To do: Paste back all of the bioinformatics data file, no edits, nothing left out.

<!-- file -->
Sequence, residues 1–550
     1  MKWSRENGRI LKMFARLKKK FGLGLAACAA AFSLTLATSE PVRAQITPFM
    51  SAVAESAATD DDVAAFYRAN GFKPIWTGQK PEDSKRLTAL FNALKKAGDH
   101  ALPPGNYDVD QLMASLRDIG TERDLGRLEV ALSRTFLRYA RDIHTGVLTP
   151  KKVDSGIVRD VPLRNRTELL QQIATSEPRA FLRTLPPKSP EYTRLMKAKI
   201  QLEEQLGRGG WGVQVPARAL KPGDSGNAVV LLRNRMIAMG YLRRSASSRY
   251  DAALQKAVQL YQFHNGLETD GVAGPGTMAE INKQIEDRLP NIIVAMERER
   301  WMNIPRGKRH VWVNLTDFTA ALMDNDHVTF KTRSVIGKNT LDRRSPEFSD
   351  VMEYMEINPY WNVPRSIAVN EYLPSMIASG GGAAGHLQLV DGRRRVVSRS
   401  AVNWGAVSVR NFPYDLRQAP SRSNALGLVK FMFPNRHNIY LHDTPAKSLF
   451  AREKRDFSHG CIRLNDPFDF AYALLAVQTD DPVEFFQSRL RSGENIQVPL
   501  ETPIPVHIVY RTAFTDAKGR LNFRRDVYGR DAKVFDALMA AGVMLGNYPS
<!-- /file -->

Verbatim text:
Sequence, residues 1–550
     1  MKWSRENGRI LKMFARLKKK FGLGLAACAA AFSLTLATSE PVRAQITPFM
    51  SAVAESAATD DDVAAFYRAN GFKPIWTGQK PEDSKRLTAL FNALKKAGDH
   101  ALPPGNYDVD QLMASLRDIG TERDLGRLEV ALSRTFLRYA RDIHTGVLTP
   151  KKVDSGIVRD VPLRNRTELL QQIATSEPRA FLRTLPPKSP EYTRLMKAKI
   201  QLEEQLGRGG WGVQVPARAL KPGDSGNAVV LLRNRMIAMG YLRRSASSRY
   251  DAALQKAVQL YQFHNGLETD GVAGPGTMAE INKQIEDRLP NIIVAMERER
   301  WMNIPRGKRH VWVNLTDFTA ALMDNDHVTF KTRSVIGKNT LDRRSPEFSD
   351  VMEYMEINPY WNVPRSIAVN EYLPSMIASG GGAAGHLQLV DGRRRVVSRS
   401  AVNWGAVSVR NFPYDLRQAP SRSNALGLVK FMFPNRHNIY LHDTPAKSLF
   451  AREKRDFSHG CIRLNDPFDF AYALLAVQTD DPVEFFQSRL RSGENIQVPL
   501  ETPIPVHIVY RTAFTDAKGR LNFRRDVYGR DAKVFDALMA AGVMLGNYPS